In 421, Constantius, who had been virtual ruler of the Western Empire since 411, was granted the imperial title of augustus, normally borne only by men of the imperial family, probably through the machinations of Placidia. Constantius was now declared co-ruler with Honorius with the title Constantius III, but Theodosius II, emperor of the eastern half of the Roman Empire, refused to recognize this condominium and war may possibly have broken out over the issue had not Constantius died suddenly on September 2, 422. At first, Placidia's position vis à vis her brother was high, and for a time she was all-powerful at his court. In short order, however, her relations with Honorius began to deteriorate, possibly as the result of the growing friction between the German entourage she had acquired when she was married to Athaulf, and the clique gathered around Honorius, i.e., the "pro-Barbarian" versus the "pro-Roman" factions at the court. The issue was, most likely, who would inherit the position and authority of Constantius. General Castinus was the probable candidate of Honorius; Count Boniface of Galla Placidia. The emperor's faction naturally won, and Castinus was made Master of Soldiers and immediately set off to lead an expedition against the Vandals in Spain. Boniface, for his part, fled to Africa (Tunisia and Libya), where he officiated as semi-independent governor of the province. Placidia now found herself accused of treason, but fortunately all that she endured was exile to Constantinople with her two children.

Serena (d. 410)

Roman woman. Executed in 410; niece of Theodosius I, Roman emperor, and Galla (c. 365–394); cousin of Galla Placidia (c. 390–450); married Flavius Stilicho (Master of Soldiers), around 384 (died 408); children: daughter who married Honorius.

En route, via Rome, her ship almost foundered in a storm, during which Placidia vowed to erect a church to St. John the Evangelist if she and her children were saved. Arriving in Constantinople in the spring of 423, she lived as the guest of her nephew Theodosius II and of his sister, Pulcheria , who, less than ten years younger than her aunt, dominated the court. An intelligent woman and a fine scholar, Pulcheria was devoted both to her church and to the welfare of her people. Characterized by extreme piety and chastity, she was instrumental in the calling of the third and fourth ecumenical councils of the church (those of Ephesus in 431 and Chalcedon 20 years later) and was canonized after her death, her feast still celebrated in the Orthodox Church.

Unlike her half brothers Arcadius and Honorius, she was a worthy child of the most Christian and Roman Emperor Theodosius the Great.

—Stewart Irwin Oost

Under the protection of her close relatives, Placidia probably lived on the income from lands in the East that she had inherited from her father, Theodosius I, but certainly from a stipend sent to her by Count Boniface. Honorius, however, died of dropsy in the summer of 423, at age 38, shortly after Placidia had settled down in a palace she owned in Constantinople. In 425, having obtained from her a promise of the cession of the disputed province of Illyria and the eastern part of Pannonia to his half of the empire, Theodosius, fearful of seeing the Western Empire fall into unknown and possibly hostile hands, sent his aunt overland to Italy, via Aquileia. An armed force was simultaneously dispatched to establish her six-year-old son on the throne at Ravenna as Valentinian III, with his mother as regent. All opposition in both Rome and Ravenna was speedily crushed. Valentinian was crowned at Ravenna in 425 and his sister Honoria made an augusta shortly thereafter.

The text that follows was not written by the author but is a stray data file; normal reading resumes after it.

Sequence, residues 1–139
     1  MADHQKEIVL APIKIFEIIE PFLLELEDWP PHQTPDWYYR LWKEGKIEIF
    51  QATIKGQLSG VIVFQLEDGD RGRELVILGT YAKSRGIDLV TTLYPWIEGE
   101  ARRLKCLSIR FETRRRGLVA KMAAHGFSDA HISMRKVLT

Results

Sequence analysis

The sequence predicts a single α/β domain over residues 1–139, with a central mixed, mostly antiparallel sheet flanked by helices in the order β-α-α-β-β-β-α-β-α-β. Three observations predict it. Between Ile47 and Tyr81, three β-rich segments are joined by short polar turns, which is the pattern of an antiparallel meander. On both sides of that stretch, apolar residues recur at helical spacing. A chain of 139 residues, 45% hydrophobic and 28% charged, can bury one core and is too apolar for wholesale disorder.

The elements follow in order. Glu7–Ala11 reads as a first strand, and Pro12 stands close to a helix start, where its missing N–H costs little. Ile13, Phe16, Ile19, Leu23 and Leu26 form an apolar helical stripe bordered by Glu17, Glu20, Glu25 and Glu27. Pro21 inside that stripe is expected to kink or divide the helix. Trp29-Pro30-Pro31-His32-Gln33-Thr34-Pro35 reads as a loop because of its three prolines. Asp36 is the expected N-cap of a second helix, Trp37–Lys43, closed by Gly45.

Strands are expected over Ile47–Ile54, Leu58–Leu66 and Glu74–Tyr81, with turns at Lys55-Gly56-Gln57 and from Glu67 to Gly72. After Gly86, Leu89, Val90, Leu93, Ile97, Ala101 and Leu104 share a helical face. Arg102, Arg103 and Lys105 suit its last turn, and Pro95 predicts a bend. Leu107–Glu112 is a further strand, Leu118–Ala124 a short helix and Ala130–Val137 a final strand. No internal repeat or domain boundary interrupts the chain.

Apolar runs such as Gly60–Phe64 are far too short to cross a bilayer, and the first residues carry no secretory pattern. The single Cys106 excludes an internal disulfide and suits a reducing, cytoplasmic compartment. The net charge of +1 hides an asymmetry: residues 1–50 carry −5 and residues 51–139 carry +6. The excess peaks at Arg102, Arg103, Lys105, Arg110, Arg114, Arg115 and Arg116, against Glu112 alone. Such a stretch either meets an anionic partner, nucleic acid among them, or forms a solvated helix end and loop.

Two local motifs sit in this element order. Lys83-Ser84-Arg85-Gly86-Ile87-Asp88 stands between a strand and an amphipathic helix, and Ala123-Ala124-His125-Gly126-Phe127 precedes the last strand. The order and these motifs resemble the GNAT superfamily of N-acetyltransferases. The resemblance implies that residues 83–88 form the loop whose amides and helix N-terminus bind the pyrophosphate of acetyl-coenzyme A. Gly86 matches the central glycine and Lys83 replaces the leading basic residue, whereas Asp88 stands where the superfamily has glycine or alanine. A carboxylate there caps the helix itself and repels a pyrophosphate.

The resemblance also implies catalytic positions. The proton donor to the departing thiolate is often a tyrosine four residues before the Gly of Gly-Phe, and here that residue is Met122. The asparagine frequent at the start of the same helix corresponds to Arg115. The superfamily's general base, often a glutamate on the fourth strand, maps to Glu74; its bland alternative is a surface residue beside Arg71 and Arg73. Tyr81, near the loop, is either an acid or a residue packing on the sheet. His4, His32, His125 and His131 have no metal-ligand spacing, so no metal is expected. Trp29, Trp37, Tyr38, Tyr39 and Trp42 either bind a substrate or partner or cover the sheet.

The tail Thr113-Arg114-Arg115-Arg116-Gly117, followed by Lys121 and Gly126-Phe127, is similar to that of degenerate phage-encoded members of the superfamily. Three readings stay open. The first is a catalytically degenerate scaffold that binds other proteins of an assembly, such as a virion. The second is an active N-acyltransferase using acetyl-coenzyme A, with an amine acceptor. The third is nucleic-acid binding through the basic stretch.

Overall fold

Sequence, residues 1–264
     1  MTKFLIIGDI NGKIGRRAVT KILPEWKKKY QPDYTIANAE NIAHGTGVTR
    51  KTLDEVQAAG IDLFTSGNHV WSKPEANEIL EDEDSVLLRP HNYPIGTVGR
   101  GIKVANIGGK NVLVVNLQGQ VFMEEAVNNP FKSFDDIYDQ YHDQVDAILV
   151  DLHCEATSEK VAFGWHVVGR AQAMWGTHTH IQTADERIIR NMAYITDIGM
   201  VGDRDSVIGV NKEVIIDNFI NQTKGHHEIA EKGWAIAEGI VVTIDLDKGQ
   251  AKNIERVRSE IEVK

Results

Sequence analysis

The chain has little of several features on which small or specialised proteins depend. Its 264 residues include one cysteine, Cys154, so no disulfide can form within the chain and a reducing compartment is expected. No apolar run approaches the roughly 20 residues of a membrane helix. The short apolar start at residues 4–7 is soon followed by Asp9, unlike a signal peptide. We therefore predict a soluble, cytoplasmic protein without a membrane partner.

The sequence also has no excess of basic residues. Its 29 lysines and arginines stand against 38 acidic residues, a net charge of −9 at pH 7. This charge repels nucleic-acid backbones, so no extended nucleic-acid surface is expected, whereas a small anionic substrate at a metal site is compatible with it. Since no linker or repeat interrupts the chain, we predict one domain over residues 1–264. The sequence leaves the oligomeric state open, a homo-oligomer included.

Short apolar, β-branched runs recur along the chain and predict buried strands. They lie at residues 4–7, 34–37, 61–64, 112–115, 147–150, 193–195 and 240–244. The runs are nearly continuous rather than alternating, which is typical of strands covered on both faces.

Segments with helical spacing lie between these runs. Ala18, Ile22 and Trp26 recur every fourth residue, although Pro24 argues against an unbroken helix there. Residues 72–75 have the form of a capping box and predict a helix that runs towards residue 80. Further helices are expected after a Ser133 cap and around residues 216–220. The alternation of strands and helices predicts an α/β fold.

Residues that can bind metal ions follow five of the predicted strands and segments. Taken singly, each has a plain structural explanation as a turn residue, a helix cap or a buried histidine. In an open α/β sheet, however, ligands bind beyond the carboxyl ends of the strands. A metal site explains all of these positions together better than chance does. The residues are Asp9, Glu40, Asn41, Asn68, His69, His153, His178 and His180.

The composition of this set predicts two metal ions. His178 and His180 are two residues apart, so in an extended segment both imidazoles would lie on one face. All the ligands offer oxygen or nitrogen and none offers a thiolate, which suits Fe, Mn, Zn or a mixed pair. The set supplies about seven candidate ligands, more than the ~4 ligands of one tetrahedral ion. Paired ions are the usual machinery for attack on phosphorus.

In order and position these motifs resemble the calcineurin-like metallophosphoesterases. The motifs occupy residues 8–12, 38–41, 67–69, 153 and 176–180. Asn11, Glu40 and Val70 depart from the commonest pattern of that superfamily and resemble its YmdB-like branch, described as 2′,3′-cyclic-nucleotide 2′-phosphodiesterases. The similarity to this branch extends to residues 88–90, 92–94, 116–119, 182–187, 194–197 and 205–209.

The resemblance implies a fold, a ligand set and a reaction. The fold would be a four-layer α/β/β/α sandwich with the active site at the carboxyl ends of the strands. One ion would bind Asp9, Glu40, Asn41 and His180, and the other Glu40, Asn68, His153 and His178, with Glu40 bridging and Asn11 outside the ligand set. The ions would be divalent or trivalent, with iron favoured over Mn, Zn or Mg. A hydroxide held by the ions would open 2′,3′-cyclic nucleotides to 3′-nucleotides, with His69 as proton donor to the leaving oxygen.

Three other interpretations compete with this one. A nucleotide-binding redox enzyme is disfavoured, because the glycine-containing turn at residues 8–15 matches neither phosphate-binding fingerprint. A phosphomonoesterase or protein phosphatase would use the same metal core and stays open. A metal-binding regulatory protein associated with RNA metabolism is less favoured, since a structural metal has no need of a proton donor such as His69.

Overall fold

For the first 12 years of Valentinian's reign, Placidia was the actual ruler of the West. She had given Valentinian, eventually detested for his weakness and treacherousness, a very poor education and had thereby kept him under her thumb. She governed well considering the dire circumstances in which the Western half of the empire now found itself. She stayed on good terms with Pulcheria and her nephew Theodosius II, ruler of the East, and in this way maintained her hold. When her daughter Honoria fell in love with a courtier, Eugenius, in 434, Placidia sent her to Pulcheria who circumvented the romance by clapping Honoria into a convent. In time, Valentinian journeyed to Constantinople where, in 437, he married Licinia Eudoxia , his first cousin once removed, the daughter of Theodosius II and Eudocia (c. 400–460).

As a result of this matrimonial alliance, not only were his ties with the Eastern Empire strengthened, but the Western Empire agreed to relinquish its claims to Dalmatia (western Yugoslavia), a frontier province hitherto disputed by the two empires. The Theodosian Code, a codification of Roman law compiled by a legislative committee under the emperor's name and promulgated in the East on February 15, 438, was accepted by the Senate at Rome on December 23rd of the same year. The Code of Theodosius recognized the independence of the Western Roman Empire. The long reign of Valentinian and his secure position, however, was only partly the result of his close relations with his mother's relatives in the East but rather was largely due to the military prowess of the general Aetius in whose hands real power lay during the second half of his reign, and to the latter's close relations with the Huns, whose hostage he had once been and whose language he had learned. Unfortunately for all concerned, Placidia harbored ill-will toward this able if overly ambitious general, never having forgiven him for supporting the opposition to the accession of her son Valentinian when Honorius died in 423.